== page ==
Another impact of COVID19 is Air France’s early retirement of their ten A380s, just eleven years after the airline first received them.
The CEO of the Air France-KLM group Brian Smith indicated that he is absolutely not a fan of the A380 saying in 2019, that while passengers love it, the plane is not suitable for the airline as it is expensive, unreliable and too large. Smith in trying to reduce Air France’s complex fleet structure and confusing product range, indicated their ten A380s (five leased and five owned) would be gone by 2022. The changes brought by COVID19 bring that goal forward. The grounding will reportedly cost around half a billion euros in write-down charges.
I have long held a goal of flying at least one A380 belonging to each of the airlines flying it. I have managed 21 A380 flights with seven airlines. Unfortunately, 2020 has interrupted my goal. Originally I was going to try and add four more airline’s 380s to my collection this year, namely adding ANA, China Southern, Etihad and Qatar. I wonder if this will ever be achievable?
My two Air France A380 flights from New York JFK to Paris CDG and back to Los Angeles have been my least favourite experiences of the aircraft.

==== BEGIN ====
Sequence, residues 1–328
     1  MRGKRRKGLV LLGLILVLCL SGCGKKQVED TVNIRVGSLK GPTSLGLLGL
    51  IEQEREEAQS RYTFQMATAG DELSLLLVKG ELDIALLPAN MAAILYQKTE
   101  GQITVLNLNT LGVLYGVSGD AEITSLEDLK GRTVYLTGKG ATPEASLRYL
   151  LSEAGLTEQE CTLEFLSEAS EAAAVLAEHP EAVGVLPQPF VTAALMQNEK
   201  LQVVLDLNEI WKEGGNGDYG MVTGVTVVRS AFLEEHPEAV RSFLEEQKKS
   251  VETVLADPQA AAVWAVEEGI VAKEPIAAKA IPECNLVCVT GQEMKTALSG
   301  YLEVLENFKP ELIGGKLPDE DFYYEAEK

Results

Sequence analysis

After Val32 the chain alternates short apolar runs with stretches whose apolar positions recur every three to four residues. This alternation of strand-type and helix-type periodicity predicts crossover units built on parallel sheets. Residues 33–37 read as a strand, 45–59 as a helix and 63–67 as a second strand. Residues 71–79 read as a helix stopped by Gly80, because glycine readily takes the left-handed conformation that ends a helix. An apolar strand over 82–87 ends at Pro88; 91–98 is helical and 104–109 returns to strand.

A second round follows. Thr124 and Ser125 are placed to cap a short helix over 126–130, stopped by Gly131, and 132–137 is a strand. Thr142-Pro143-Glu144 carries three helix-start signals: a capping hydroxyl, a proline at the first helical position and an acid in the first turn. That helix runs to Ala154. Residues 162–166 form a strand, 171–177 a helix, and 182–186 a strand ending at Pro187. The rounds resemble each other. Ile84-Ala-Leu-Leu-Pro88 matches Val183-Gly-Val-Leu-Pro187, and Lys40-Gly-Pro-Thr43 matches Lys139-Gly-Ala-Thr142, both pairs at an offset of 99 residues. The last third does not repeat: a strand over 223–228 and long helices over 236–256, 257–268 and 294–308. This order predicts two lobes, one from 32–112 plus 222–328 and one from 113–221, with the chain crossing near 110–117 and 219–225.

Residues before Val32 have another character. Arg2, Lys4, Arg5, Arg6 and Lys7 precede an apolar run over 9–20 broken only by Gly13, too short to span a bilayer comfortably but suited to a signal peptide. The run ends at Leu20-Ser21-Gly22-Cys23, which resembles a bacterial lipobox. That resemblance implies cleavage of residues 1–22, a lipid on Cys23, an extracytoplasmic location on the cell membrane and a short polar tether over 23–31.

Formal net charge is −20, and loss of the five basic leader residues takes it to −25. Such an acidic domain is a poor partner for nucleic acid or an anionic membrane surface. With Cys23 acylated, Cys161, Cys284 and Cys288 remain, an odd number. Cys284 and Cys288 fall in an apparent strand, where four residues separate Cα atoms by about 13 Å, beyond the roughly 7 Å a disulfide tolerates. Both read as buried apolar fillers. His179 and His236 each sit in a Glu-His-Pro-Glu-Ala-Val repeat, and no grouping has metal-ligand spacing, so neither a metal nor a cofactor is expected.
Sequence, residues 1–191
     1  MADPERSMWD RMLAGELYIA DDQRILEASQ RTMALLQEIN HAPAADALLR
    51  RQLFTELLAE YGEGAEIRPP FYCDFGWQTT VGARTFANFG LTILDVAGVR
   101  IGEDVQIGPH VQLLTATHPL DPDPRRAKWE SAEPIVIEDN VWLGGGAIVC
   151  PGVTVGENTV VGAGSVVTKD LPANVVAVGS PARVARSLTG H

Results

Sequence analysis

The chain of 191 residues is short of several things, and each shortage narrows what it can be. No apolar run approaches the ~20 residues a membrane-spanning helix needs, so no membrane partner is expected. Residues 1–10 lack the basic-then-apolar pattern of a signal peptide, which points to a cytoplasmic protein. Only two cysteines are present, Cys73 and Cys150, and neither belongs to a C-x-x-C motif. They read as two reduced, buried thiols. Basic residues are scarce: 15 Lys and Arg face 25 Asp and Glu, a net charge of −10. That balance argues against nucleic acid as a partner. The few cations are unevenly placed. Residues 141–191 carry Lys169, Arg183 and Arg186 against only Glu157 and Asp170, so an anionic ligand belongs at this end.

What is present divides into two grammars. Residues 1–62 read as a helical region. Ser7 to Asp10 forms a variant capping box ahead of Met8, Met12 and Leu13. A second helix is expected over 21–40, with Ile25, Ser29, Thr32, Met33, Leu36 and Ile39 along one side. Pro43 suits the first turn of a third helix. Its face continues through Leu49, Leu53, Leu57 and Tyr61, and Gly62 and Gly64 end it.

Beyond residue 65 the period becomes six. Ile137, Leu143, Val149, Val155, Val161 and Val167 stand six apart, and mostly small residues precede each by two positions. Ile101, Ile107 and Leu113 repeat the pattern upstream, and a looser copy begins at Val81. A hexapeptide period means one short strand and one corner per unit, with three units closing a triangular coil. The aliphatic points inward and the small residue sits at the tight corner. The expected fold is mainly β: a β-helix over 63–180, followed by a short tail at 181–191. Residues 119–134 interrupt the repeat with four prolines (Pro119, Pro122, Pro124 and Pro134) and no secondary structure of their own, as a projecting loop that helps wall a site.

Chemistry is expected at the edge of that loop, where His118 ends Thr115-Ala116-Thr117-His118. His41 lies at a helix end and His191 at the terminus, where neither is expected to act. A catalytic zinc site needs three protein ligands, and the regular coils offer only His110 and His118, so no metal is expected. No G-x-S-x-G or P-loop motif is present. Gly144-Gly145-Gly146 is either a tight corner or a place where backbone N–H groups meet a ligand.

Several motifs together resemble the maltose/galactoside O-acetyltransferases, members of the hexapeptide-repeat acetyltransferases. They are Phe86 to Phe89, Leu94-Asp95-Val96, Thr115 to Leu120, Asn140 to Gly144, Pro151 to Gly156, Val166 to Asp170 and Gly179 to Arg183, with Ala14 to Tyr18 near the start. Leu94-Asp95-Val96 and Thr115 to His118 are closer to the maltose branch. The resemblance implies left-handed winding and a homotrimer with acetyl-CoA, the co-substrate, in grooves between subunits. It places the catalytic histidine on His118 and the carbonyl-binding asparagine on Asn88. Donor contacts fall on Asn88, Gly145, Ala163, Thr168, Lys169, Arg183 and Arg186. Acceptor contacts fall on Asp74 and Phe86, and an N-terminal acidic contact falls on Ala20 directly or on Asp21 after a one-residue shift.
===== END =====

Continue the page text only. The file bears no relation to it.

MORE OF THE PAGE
The Air France configuration is dated and inferior to almost every other airline’s product. Downstairs, the plane has nine open First Class seats with 81″ pitch and 35″ width. Compare that to Emirates and Singapore’s Suites, Etihad’s apartments which have more privacy and more space. Economy takes 343 seats downstairs and 46 upstairs with a 32″ pitch and 17.5″ of width. Upstairs, the 38 underwhelming Premium Economy seats sit behind Business. The seat, which I found to have an incredibly uncomfortable has 38″ of pitch and 19″ of width. The Business seats at 55″ and 24″ are much smaller than Asiana’s 80″; Ethihad’s 73″ and Qantas at 78″. Air France’s 777 offers a much more competitive option.
This 2015 Air France video is from happier times:
Au revoir Air France’s “Big Bird”.